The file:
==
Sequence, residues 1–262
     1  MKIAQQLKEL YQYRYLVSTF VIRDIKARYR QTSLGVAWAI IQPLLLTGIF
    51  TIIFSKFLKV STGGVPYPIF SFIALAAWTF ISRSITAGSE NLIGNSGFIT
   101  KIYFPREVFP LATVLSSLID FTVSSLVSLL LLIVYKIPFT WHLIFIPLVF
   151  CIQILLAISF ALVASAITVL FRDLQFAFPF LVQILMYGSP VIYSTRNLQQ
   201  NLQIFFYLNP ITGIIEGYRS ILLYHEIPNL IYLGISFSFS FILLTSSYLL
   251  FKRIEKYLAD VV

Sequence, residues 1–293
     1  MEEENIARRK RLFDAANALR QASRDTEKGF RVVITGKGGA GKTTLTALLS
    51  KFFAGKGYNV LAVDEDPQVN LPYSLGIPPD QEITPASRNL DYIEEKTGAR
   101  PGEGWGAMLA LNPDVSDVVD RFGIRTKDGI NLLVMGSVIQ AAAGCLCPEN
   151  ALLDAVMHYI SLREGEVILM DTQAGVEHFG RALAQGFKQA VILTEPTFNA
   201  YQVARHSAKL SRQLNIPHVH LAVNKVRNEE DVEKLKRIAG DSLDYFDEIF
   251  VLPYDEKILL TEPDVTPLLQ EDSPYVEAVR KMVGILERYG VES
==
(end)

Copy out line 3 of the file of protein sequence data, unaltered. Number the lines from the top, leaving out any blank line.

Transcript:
    51  TIIFSKFLKV STGGVPYPIF SFIALAAWTF ISRSITAGSE NLIGNSGFIT